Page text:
Calibration was a valuable feature of SRA, the equation obtained from original formulae describing the disc diffusion test. A further extension of the SRA equation leads to the so called M-test, where you can determine the MIC value of an isolate using several disc contents,
The only definition so far of setting the optimal disc content in disc diffusion testing is presented.
Antimicrobial susceptibility testing using disc diffusion methods, D
M-test for estimation of antimicrobial MIC values of clinical isolates
The SRA equation can be modified in a way which will permit the calculation of MIC-values (see link below) for individual isolates, the so called M-test (see link below). This is due to the fact that the inhibition zone size extrapolated to zero gives a concentration value from the regression line which corresponds to the 'critical concentration' of the isolate. The principle has been described also by others, first by Shannon et al. (see link below) in 1975, who determined the penicillin susceptibility of gonococcal isolates using manual, graphic plots. Drugeon et al. (see link below) in 1987 determined the 'critical concentration' of cefotaxime and ceftriaxone for 91 bacterial isolates. In 1994 Delignette-Muller and Flandrois (see link below) described the ICD, Inhibitory Concentration in Diffusion, determined for three aminoglycosides in 70 isolates using the same principle.
In all these methods a series of different concentrations of the antibiotic in diffusion sources, usually paper discs, is applied. The inhibition measurements are then used to solve the equation and to calculate the 'critical concentration', or Q-zero, at zone zero. In the M-test equation the MIC value is obtained by multiplying the Q-zero value with a conversion factor. This factor is often 2, but can vary with drug and bug.
The M-test has also been used successfully for fluconazole and voriconazole susceptibility testing of Candida species (see link below).
Let us now return to inhibition zone diameter histograms. The disc method is the most common test for antimicrobial susceptibility and such results are available all over the world. How can this untapped source of susceptibility results be used for surveillance? Well, there is a method to obtain an internal calibration for comparative purposes, so called normalized resistance interpretation, NRI (see 'Antimicrobial susceptibility testing using disc diffusion methods, E.')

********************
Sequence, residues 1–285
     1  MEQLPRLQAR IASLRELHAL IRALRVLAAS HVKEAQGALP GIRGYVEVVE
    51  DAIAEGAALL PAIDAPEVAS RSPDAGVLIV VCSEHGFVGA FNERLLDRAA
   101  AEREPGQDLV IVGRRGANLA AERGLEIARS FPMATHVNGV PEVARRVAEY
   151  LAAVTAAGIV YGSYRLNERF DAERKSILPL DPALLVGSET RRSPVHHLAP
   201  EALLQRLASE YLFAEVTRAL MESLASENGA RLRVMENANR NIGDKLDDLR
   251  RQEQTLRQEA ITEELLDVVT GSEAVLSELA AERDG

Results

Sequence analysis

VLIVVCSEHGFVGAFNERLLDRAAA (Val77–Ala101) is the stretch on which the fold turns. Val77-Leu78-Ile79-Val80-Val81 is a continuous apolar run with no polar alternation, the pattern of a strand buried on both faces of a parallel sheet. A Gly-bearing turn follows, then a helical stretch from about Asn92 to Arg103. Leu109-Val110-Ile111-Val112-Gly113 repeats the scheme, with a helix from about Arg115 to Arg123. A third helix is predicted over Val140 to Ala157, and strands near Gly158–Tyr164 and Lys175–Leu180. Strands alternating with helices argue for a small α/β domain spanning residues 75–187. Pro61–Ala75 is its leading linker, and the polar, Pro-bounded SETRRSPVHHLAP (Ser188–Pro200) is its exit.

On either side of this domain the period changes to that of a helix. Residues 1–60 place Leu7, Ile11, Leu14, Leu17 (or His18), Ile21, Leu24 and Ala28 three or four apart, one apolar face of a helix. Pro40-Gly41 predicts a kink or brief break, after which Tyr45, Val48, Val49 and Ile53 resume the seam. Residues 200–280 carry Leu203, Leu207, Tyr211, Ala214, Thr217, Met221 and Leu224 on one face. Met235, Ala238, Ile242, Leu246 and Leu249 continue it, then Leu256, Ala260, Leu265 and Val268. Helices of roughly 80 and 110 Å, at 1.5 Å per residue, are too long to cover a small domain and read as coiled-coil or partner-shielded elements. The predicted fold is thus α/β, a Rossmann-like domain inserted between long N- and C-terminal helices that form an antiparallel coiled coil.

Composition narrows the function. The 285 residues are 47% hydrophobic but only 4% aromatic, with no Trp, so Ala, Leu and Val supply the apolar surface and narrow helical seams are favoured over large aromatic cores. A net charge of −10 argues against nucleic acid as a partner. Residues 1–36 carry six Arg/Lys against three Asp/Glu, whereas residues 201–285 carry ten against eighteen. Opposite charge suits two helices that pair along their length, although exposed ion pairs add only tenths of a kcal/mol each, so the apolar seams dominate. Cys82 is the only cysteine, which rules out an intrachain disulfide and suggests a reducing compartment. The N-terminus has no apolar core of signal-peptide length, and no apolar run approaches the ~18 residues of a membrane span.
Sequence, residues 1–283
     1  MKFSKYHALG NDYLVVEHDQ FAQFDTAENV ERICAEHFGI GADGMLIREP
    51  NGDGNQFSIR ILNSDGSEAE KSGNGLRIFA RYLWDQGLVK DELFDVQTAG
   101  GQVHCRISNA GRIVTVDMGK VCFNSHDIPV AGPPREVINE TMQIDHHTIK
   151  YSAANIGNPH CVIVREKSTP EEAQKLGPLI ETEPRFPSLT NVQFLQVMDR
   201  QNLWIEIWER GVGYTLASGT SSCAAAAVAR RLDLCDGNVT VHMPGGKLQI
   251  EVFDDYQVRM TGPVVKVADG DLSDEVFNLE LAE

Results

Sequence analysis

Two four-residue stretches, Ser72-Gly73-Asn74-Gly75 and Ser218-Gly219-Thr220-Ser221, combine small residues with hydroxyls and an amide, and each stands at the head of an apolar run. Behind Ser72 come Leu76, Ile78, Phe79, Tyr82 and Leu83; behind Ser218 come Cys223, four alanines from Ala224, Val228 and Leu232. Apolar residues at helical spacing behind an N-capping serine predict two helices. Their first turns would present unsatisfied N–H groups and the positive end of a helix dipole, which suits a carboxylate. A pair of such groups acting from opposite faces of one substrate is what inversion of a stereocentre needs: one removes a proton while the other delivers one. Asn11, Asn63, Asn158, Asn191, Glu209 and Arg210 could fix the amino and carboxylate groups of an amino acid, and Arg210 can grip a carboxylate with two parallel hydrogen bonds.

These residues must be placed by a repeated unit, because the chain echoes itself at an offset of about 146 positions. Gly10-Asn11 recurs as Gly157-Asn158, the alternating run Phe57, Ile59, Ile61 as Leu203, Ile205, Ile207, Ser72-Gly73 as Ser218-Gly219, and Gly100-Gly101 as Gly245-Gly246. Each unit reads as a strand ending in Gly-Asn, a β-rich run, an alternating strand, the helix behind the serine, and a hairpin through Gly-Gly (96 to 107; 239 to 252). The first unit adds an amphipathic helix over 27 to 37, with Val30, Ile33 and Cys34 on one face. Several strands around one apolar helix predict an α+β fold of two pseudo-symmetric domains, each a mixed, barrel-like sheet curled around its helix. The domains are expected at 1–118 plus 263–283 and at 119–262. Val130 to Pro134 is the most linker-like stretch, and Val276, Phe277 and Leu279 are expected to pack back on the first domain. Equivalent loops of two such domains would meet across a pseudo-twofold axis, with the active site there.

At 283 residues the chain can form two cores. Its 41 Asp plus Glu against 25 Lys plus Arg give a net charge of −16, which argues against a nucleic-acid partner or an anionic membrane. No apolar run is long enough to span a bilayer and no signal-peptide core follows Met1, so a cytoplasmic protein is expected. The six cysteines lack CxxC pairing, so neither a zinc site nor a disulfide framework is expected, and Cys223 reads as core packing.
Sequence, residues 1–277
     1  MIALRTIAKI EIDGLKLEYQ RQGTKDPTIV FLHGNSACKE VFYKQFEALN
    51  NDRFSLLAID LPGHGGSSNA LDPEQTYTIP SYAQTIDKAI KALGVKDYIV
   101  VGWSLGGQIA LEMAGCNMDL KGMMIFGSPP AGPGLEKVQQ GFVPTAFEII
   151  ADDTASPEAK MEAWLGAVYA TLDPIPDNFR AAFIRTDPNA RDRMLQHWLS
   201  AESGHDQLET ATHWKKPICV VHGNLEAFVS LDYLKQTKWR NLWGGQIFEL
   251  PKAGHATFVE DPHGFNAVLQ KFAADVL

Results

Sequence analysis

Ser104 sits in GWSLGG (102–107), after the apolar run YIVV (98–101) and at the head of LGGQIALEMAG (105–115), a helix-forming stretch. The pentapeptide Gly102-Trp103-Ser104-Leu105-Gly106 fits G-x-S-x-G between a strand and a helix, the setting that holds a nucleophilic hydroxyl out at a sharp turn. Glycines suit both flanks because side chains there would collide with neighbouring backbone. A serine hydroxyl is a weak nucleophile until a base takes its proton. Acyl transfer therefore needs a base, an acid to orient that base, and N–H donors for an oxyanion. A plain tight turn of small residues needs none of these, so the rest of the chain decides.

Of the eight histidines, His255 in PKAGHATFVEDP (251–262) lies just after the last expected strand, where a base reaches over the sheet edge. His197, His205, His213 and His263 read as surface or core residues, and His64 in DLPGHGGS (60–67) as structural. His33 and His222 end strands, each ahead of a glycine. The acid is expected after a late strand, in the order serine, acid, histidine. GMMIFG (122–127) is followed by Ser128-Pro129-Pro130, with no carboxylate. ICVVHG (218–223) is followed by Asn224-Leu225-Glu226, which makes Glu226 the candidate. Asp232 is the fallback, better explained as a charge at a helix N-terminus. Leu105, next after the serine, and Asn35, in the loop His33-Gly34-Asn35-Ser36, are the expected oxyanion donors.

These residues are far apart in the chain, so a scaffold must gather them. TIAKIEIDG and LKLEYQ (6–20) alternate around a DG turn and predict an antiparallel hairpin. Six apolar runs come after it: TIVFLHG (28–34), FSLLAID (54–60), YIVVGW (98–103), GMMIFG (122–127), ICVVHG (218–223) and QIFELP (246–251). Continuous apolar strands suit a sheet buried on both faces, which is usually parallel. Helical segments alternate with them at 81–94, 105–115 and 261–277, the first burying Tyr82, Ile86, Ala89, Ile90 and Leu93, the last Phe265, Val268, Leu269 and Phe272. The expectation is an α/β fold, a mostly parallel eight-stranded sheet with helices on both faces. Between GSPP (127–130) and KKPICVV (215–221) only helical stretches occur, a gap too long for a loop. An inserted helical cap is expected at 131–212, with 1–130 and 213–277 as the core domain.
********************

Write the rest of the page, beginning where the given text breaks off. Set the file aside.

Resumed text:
Antimicrobial susceptibility testing using disc diffusion methods, E.
NRI - Normalized Resistance Interpretation
Let us ask ourselves: Whick part of an inhibition zone diameter or MIC distribution (species-wise) for a given antimicrobial is unaffected by the development of resistance?
Answer: The high-zone (or the low MIC) side of the most susceptible population of strains, representing the wild-type population. When resistance occurs in an isolate of that species, the position of that isolate in the distribution changes to lower zone sizes or higher MIC values.
So, if we can use the upper zone size slope for a reconstruction of the whole wild-type distribution, then we have obtained an internal calibrator which will enable us to compare results from anywhere, from any laboratory in the world.
This can be done using the Normalized Resistance Interpretation (see link below) method, NRI.
A summary of the procedure (see link below) is presented in IJAA.
A detailed analysis of parameter setting (see link below) for the NRI calculations was performed by Joneberg et al.
MIC distributions with regular double dilution steps provided too few points for solving the regression, but Etest results (see link below) with intermediate values included, were precise enough for NRI calculations to work. This was shown in studies of tigecycline susceptibility.
A patent application for the NRI method has been submitted by Bioscand AB (International Patent Application WO 02/083935 A1).
The solution to standardized resistance surveys.